I wondered why I was kept in the hospital. I knew that my condition got worse last Monday or so. I can’t remember the day exactly! I am an old man you see! Well, I wouldn’t have agreed that another day. I couldn’t even drink water since then. I still didn’t want to give up. I am branded a fighter, whether I liked it or not! My family didn’t want to give up on me too. They had graver issues to handle and didn’t want people to be talking about giving up on me. Even that could be the reason.

The last few years have not been easy with our family. One after the other was falling prey to that deadly killer. I have been running around managing things despite all these happening. I have heard people talk behind me that I never bothered. They hardly knew I was more bothered than anyone else in the house and wanted to keep myself busy and distracted. That’s the only way I could survive emotionally.

Men don’t cry you see! That’s what we have been told since childhood. That makes us tough it seems! I am not sure whether not crying made me tough or my willingness to face the world head on made me tougher. Mani knew me better than the rest. He often told me it was ok to relax and let go. He would take me for a stroll at the beach nearby where I could walk alone for a while till I felt better. Ambareesh was not bad either. It’s been 3 months since he joined the family and has seen most of the relatives who came to visit me. He was as familiar with most of them as my children or grandchildren would be.

I knew I was not doing it right when I shouted at my wife or children out of frustration. But that was the normal me! I did not want them to see a softer and vulnerable me. I would break down in front of them, shatter into pieces, the moment they see that part of me.

Now I waited! I waited for the doctor to declare the final verdict. I have seen it all and done it all. It pains me physically and mentally to remain alive. Physically, because of my illness and Mentally, to see the false sympathy! I hate it, especially coming from some of them. Sharath came back. He didn’t have much to say. I heard him breakdown into tears.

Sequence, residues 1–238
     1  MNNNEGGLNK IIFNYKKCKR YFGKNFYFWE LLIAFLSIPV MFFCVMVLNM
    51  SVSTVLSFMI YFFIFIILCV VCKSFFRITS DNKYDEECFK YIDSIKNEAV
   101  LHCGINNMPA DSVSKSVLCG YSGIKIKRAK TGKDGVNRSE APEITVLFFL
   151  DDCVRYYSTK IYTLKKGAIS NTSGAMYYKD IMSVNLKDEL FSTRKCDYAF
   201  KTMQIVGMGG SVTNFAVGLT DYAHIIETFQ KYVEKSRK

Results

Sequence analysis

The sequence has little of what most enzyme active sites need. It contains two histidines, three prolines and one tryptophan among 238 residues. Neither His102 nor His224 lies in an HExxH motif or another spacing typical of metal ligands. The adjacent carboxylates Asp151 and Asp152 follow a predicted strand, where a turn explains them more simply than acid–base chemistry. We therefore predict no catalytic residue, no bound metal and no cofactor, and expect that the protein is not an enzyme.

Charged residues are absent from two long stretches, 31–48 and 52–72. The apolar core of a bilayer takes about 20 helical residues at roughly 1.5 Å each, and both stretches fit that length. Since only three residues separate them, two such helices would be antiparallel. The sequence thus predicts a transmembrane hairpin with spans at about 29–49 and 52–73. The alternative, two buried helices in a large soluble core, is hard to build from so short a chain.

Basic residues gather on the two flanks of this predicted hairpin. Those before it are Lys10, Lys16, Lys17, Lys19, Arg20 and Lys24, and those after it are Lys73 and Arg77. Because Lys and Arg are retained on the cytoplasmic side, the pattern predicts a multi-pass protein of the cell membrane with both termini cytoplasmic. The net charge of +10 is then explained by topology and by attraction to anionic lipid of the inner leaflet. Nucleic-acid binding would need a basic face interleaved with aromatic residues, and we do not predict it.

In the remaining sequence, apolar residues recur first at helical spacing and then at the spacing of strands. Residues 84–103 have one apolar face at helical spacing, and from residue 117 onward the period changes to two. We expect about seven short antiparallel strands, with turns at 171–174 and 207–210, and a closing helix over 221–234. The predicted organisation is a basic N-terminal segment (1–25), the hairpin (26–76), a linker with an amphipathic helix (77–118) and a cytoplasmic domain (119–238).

Finally, the doctor has given it away. I don’t have to wait for long. I felt happy. Happy to be bidding goodbye to all of them – once for all! I knew I had not handed over or planned my succession. I didn’t do it, purposefully. I couldn’t find one person who can manage these as well as I could! I knew they had already decided, without informing me. I knew them a tad too well for that. That’s why I couldn’t wait to bid goodbye. In fact, I just wanted to leave, without a formal goodbye. Without the ruckus it would create. Without having to feel it!

I fell into a deep sleep. I could sense a smile on my face; I could sense myself getting lighter. Did I finally make it? I must have, or else my burdens would never make me feel this light and happy. I could sense a bright light. I opened my eyes and saw nothing but that bright light. I turned back and saw Sharath and Mani cry uncontrollably. Ambareesh was sad too! He was worried, probably about finding his next employer!

I did not want to wait for others to come. I wanted to set myself free – of the final wait, of all the burdens that weighed my mind, and of all the hatred that I bore in my heart. I walked towards the source of the light. I couldn’t wait anymore to reach the source; to break away all my ties with this inhumane world.

PS: Its a work of fiction!


I am a teacher turned software developer turned full time mom turned entrepreneur turned writer! I have enjoyed all these avtars in my life to the fullest. I am on my journey to explore a lot more about writing! Follow me to read more of what I write..

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Posted in Personal, Short Stories - Fiction
2 comments on “The Final Wait – A Short Story
  1. Sunith says:

    Beautiful short story portraying the last moments in life…